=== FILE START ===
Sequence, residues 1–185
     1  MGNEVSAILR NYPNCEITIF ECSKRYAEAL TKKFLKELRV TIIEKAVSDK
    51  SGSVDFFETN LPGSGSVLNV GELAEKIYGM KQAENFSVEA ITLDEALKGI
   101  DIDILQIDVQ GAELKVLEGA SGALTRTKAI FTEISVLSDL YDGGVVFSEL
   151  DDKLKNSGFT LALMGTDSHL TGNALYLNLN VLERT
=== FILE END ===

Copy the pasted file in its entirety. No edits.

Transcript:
Sequence, residues 1–185
     1  MGNEVSAILR NYPNCEITIF ECSKRYAEAL TKKFLKELRV TIIEKAVSDK
    51  SGSVDFFETN LPGSGSVLNV GELAEKIYGM KQAENFSVEA ITLDEALKGI
   101  DIDILQIDVQ GAELKVLEGA SGALTRTKAI FTEISVLSDL YDGGVVFSEL
   151  DDKLKNSGFT LALMGTDSHL TGNALYLNLN VLERT